Stay Safe - Check Local Ice Conditions On Late Winter Ice
Ontarians, remember to check local ice conditions before heading out onto the ice as spring approaches.
Before venturing out, Ontarians and visitors should check with local ice hut operators - many factors affect the thickness and strength of ice on lakes and rivers.
Ice conditions can be deceptive and variable.
- Ice does not freeze at a uniform thickness across most lakes and rivers, and can be particularly evident at the start of the winter season when near-shore ice is often much thicker and safer than ice further out. Check thickness regularly with a spud bar or auger as you move further out on the ice.
- Not all ice is created equal. Ice that has formed over flowing water, springs, pressure cracks, old ice holes or around the mouths of rivers and streams can be weaker than surrounding ice.
- Clear blue ice is the strongest. White or opaque ice is much weaker. Ice that has a honeycombed look, common during thaws or in the spring, should be avoided altogether.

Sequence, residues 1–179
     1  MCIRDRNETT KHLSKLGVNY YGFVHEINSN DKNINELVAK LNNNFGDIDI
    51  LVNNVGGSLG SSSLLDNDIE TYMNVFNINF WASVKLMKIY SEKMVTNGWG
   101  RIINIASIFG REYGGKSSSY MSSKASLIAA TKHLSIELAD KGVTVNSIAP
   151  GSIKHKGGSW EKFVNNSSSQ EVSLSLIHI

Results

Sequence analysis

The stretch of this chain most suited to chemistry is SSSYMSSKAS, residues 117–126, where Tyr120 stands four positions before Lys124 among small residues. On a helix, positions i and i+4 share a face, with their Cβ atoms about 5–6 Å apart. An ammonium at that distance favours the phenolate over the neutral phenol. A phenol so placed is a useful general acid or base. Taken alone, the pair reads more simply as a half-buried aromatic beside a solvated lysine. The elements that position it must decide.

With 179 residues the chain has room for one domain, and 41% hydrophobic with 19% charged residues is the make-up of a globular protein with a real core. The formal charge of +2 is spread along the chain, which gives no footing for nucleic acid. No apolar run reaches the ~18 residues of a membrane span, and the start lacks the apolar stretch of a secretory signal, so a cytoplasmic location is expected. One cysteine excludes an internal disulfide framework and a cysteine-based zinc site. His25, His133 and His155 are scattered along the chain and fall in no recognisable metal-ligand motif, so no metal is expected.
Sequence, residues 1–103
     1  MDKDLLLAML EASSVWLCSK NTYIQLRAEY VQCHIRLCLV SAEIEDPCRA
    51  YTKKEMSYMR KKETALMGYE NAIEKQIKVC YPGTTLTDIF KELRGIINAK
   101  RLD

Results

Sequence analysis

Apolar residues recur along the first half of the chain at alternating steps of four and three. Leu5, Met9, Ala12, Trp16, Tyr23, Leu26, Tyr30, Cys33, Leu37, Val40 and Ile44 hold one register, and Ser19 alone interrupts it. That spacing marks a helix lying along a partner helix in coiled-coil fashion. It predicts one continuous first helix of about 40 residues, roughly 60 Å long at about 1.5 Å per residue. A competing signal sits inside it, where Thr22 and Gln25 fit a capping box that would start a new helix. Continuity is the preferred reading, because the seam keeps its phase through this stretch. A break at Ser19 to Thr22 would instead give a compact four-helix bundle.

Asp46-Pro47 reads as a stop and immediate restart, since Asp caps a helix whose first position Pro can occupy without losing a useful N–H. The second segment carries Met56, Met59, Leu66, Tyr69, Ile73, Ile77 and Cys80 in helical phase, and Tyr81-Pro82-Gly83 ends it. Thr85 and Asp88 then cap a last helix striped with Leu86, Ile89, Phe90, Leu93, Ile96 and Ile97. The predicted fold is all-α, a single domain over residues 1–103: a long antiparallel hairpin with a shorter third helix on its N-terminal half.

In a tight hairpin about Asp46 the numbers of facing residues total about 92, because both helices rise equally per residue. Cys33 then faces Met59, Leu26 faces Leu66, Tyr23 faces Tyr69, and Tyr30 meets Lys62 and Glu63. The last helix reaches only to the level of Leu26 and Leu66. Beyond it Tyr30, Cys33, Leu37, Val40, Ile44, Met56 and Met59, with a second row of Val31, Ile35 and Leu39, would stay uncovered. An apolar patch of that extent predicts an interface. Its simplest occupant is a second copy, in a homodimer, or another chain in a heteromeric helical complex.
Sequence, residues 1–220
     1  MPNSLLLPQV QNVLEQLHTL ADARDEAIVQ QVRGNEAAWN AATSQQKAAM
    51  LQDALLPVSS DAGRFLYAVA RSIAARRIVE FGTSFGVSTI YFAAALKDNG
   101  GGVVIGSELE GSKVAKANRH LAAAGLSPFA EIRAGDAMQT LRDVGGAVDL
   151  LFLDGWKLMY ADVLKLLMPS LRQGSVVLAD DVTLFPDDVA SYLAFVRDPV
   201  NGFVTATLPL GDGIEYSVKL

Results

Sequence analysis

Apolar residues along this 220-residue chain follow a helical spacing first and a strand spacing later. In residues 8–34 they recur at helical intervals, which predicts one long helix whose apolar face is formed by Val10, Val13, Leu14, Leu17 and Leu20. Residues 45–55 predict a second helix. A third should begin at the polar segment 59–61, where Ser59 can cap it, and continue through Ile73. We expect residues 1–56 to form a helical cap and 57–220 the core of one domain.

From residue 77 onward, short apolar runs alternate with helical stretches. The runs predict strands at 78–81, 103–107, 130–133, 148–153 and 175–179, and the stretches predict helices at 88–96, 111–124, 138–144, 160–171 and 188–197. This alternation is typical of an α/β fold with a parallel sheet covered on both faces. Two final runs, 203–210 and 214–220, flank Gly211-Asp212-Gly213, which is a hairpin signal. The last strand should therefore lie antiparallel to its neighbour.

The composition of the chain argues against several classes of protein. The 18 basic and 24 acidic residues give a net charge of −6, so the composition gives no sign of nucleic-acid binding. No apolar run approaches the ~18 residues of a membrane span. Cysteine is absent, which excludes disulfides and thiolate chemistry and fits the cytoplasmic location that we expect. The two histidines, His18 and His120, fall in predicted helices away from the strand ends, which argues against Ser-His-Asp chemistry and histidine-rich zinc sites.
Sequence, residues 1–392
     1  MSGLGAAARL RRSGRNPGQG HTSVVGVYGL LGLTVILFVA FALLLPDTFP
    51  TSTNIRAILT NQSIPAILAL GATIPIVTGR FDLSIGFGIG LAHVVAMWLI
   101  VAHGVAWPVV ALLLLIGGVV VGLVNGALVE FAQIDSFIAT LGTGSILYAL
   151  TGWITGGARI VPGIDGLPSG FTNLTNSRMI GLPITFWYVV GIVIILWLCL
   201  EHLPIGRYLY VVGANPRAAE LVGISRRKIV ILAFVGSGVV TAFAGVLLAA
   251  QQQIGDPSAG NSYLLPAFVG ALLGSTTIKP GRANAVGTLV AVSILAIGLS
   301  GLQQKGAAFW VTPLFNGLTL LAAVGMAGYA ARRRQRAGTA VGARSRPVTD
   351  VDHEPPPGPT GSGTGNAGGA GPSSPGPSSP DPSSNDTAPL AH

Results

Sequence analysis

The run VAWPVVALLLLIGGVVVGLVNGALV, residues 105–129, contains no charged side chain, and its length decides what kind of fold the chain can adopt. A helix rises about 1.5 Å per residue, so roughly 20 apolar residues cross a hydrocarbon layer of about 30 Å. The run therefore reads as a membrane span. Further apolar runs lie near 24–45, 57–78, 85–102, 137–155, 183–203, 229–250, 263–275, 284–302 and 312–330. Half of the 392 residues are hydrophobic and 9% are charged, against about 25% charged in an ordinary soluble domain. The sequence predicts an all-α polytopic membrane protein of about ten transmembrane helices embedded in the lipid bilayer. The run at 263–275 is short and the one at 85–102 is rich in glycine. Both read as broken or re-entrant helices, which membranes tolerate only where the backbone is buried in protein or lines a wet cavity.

- Travelling on frozen lakes or rivers with snowmobiles or vehicles can be particularly dangerous and added precautions must be taken.
- Heavy snow on a frozen lake or river can insulate the ice below and slow down the freezing process.
Before venturing out:
- If going ice fishing, check conditions with local ice hut operators.
- Let others know where you're planning to go and when you plan to return.
- Warm clothing and appropriate equipment are critical to safety and comfort.
- Anglers are encouraged to wear a Canadian Standards Association-approved floater suit and carry a set of ice picks.